18. Pelletier DL, Low JW, Johnson FC, et al. Child anthropometry and mortality in Malawi: testing for effect modification by age and length of follow-up and confounding by socioeconomic factors. J Nutr
19. Food and Agriculture Organization and World Health Organization (FAO and WHO). Joint FAO/WHO Expert Consultation. Vitamin and Mineral Requirements in Human Nutrition
. Geneva, Switzerland: WHO, 2002.
20. World Health Organization (WHO). Management of Severe Malnutrition: A Manual for Physicians and Other Senior Health Workers
. Geneva, Switzerland: WHO, 1999.
21. World Health Organization/Food and Agriculture Organization/International Atomic Energy Association (WHO/FAO/IAEA). Trace Elements in Human Nutrition and Health
. Geneva, Switzerland: WHO, 1996.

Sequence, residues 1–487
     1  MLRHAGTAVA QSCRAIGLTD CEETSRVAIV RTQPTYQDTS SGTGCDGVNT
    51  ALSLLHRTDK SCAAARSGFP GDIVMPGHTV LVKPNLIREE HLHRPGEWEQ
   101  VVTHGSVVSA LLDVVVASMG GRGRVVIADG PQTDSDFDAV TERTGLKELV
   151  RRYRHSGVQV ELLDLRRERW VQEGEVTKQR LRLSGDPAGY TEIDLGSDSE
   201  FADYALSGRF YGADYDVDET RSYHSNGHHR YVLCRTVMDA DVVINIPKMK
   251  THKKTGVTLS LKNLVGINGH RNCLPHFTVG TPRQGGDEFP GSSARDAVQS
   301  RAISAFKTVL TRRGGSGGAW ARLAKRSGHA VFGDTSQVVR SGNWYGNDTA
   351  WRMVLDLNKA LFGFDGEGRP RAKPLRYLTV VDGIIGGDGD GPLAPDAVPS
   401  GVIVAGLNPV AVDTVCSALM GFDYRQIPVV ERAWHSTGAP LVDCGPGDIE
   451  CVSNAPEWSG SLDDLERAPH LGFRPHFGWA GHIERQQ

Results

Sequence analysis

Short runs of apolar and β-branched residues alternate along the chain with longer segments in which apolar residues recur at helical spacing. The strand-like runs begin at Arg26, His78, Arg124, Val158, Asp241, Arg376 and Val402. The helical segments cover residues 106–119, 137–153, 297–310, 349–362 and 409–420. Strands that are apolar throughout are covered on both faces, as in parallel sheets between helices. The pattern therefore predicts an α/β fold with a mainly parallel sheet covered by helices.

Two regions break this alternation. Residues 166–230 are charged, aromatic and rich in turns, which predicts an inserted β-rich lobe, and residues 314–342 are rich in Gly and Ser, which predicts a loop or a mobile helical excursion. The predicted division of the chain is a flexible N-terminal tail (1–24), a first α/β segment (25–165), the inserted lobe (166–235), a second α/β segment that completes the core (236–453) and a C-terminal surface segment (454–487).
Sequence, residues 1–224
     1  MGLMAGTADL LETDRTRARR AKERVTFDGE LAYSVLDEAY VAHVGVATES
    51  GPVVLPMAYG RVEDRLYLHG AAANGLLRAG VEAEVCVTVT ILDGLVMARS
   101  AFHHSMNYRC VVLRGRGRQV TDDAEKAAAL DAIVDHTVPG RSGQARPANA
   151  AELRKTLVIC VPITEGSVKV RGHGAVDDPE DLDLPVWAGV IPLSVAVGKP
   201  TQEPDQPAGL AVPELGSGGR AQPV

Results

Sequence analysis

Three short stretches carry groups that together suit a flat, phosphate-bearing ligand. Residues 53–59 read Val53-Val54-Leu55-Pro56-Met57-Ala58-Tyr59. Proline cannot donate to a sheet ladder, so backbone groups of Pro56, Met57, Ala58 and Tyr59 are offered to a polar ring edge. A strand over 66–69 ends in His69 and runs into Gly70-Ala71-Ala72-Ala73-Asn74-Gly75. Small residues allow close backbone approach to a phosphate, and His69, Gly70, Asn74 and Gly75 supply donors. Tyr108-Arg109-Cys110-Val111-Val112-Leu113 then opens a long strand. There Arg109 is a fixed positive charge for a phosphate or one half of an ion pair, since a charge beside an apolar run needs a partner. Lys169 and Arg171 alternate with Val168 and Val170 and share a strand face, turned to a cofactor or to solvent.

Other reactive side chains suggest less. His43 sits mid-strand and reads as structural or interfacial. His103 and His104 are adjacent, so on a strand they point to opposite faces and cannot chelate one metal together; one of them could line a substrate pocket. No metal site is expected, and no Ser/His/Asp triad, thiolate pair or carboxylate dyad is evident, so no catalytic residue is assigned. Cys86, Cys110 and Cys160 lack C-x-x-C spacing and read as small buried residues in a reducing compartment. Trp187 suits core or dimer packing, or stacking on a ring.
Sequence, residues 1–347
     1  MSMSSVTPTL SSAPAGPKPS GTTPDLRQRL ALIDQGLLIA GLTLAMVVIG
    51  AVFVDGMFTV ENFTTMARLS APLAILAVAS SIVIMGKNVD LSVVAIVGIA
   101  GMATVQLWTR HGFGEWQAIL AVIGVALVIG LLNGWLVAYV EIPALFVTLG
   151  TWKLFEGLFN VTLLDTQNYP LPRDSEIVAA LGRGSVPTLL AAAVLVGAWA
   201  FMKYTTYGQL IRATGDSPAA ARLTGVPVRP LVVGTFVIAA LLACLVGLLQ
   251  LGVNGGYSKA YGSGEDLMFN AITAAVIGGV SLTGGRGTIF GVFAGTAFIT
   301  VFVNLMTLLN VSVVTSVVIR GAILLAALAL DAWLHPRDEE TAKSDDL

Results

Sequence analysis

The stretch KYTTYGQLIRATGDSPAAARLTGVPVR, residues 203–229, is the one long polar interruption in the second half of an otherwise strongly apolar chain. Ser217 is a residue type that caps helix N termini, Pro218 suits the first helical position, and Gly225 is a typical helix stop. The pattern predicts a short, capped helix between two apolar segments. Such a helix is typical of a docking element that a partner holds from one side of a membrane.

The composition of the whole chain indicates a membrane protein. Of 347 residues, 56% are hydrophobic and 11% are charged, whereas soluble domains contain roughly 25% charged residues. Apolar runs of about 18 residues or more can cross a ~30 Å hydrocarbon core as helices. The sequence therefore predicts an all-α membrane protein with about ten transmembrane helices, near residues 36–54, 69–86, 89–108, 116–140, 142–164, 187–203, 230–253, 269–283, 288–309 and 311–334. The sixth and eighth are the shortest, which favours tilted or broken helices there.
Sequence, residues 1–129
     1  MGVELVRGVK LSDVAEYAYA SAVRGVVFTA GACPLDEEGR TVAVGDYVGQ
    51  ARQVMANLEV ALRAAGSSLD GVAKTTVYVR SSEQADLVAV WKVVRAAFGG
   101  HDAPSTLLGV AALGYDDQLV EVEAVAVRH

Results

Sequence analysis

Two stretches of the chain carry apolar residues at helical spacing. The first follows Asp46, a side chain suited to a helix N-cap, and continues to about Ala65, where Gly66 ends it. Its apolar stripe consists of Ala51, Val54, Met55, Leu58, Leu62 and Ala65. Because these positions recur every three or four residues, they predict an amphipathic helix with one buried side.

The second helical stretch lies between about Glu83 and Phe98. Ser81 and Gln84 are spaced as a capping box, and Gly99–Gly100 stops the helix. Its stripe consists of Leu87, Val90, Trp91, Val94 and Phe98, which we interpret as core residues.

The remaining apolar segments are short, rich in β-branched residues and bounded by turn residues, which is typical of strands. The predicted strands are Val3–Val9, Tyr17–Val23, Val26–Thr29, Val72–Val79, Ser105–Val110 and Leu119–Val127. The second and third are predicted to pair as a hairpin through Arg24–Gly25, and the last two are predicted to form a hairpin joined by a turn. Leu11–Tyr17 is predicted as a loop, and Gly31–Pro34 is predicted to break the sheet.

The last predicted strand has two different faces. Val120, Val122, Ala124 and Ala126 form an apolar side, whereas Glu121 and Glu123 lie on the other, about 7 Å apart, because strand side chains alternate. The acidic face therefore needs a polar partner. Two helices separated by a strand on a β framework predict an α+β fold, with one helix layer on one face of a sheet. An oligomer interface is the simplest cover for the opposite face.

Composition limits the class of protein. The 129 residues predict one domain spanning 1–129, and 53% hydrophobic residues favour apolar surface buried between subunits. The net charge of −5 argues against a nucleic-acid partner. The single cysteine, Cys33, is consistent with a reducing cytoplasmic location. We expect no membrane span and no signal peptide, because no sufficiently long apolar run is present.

22. Hurrell R. Influence of vegetable protein sources on trace element and mineral bioavailability. J Nutr
23. International Zinc Nutrition Consultative Group (IZiNCG). Technical document no. 1. Assessment of the risk of zinc deficiency in populations and options for its control. Hotz C, Brown KH, eds. Food Nutr Bull
2004;25:94-203. Available at: http://www.izincg.ucdavis.edu/publications/FNBv25n1supp2zinc.pdf
. Accessed June 10, 2006.
24. Hurrell R. How to ensure adequate iron absorption from iron-fortified food. Nutr Rev
25. Caulfield LE, Huffman SL, Piwoz EG. Interventions to improve intake of complementary foods by infants 6 to 12 months of age in developing countries: impact on growth and on the prevalence of malnutrition and potential contribution to child survival. Food Nutr Bull